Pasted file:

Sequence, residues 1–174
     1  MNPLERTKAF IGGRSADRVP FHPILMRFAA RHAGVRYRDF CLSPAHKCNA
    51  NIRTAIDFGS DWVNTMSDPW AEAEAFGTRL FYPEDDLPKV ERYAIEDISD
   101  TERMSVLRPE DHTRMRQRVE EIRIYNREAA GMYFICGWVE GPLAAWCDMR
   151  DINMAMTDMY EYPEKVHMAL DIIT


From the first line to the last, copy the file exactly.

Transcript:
Sequence, residues 1–174
     1  MNPLERTKAF IGGRSADRVP FHPILMRFAA RHAGVRYRDF CLSPAHKCNA
    51  NIRTAIDFGS DWVNTMSDPW AEAEAFGTRL FYPEDDLPKV ERYAIEDISD
   101  TERMSVLRPE DHTRMRQRVE EIRIYNREAA GMYFICGWVE GPLAAWCDMR
   151  DINMAMTDMY EYPEKVHMAL DIIT